The Equity Agreement for Service ("EASE") is a free legal template for entrepreneurs to offer equity to service providers instead of cash.
It is being released as a "Beta" version to gather comments and input from the startup community.
Entrepreneurs need critical services at the earliest-stages of their startup journey, but many lack the financial resources. The Equity Agreement for Service (EASE) can potentially help these entrepreneurs by providing an alternative way to compensate service providers.
EASE contains special provisions that give unique rights and protections to both entrepreneurs and service providers, without hampering either side. The entrepreneur has the security of knowing they are not overextending equity potential, while the service provider can feel confident that they will receive an equitable reward for their contribution if the venture is successful.
It was developed by the Founder Institute, with assistance from experienced Silicon Valley startup lawyers.
The greatest risk of an equity-for-service engagement is picking the wrong service provider. As a result, we do not recommend using using an equity-for-service engagement with any service provider that you have not previously worked with.
It is always important to properly evaluate service providers, and it becomes even more important if you are considering equity compensation. At the very least, we recommend every entrepreneur follow the steps below to properly evaluate any service providers before engaging in an equity-for-service relationship:
1. Work with them on a small project: Ideally there is a pre-existing relationship, but if not, you should engage them on a smaller project to validate their capabilities and working style.
2. Validate their startup experience: Working with startups requires a level of flexibility many service providers do not have. Even if they are a very experienced company, make sure they have experience working with startups at a similar stage as you.
3. Interview previous clients: Get introductions to previous clients to learn about their experience. Do your own research online to find other past clients that they don't introduce you to.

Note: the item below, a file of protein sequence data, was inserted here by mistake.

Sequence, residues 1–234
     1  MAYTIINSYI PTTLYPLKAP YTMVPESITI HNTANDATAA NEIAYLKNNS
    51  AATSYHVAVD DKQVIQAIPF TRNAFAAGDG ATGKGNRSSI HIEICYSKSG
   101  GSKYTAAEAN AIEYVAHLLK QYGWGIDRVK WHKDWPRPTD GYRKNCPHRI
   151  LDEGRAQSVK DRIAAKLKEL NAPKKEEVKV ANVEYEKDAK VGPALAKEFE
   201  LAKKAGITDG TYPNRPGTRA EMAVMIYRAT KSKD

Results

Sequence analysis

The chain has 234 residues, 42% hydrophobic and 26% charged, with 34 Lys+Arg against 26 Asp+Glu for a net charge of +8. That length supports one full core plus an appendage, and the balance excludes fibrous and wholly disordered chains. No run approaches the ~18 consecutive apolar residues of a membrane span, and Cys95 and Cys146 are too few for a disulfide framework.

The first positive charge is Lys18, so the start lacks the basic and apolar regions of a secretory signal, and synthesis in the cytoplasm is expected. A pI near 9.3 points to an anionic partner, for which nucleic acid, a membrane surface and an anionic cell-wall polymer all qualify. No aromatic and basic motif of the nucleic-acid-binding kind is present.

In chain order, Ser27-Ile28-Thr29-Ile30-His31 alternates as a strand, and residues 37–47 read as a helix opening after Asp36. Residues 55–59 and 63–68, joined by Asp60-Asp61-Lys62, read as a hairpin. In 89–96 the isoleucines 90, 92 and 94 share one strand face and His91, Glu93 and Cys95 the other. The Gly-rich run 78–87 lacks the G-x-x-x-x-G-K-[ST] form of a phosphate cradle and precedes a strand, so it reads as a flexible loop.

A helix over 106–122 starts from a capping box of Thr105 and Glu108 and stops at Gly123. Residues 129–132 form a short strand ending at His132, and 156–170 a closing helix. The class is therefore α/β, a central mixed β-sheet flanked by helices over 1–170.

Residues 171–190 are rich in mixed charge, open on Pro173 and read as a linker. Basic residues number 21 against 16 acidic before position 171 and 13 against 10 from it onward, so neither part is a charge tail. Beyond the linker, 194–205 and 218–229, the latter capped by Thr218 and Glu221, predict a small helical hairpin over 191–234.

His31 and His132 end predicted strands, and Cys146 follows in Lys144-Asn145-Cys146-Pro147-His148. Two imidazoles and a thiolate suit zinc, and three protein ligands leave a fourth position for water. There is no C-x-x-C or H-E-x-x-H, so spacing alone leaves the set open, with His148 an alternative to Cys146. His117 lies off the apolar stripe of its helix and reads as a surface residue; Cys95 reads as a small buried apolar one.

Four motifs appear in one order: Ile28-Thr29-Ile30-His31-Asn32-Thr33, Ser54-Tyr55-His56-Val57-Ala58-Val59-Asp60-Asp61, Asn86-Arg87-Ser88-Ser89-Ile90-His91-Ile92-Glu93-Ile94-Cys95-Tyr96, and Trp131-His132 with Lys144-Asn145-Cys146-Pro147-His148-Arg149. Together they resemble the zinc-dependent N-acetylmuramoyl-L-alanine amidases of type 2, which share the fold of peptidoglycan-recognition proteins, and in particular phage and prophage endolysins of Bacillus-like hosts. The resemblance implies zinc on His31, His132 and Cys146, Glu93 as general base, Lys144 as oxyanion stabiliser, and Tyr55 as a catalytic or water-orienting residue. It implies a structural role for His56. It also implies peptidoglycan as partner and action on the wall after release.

4. Get a laywer: If you decide to move forward with an equity-for-service engagement, be sure to include a laywer. This agreement is not intended to replace legal counsel - it is only intended to reduce your legal costs.
The Founder Institute's mission is to empower talented and motivated people to build technology businesses that positively impact the world, and releasing free legal templates can help reduce the legal costs of starting a business for many entrepreneurs. In the past, we released a free standard Advisor agreement (FI.co/FAST) that is now used by thousands of startups every year. We are hoping the EASE Agreement can be simililarly helpful.
The EASE agreement can help founders with limited financial means get access to invaluable resources, such as technical advice or product development expertise, at a fraction of traditional rates.
The EASE Agreement is designed to save time and money negotiating equity compensation for services. There are just two pages to fill out.
You can use the EASE agreement to engage design, development and product agencies or freelancers.
The EASE agreement gives you two options on vesting your equity with the service provider. The service provider's shares can vest on a pro-rata basis until the expected services are completed, or it can vest upon completion of the expected services.
You need to specify the governing law on the signature page.
This section establishes a confidential relationship between you and your contractor. It protects your company information from being used by the consultant for their own gain or from sending the information to a competitor. This is a simplified version of an NDA - Non Disclosure Agreement. You are welcome to use your own NDA agreement along with the EASE Agreement.
Any information, technology, intellectual property, and inventions that your consultant creates, while during the duration of this contact, belongs to your company. You can freely modify anything they provide you and they can not charge you for use of this technology outside of this agreement.
1.Total Number of Shares of Common Stock. List the number of shares you have available. This is to confirm that shares are available.
2.Type of Security. Restricted Common Stock is similar to Common Stock, but is only granted once certain requirements are met (such as the deliverables outlined in this agreement). You will need to have a separate Stock Options Agreement in order to issue the stock options.
3.Vesting. Select if you would like to issue options as the consultant works with you or if you would like to issue options once the work is completed. If there are any unvested shares within 90 days of the completion of work, you may purchase back those shares.
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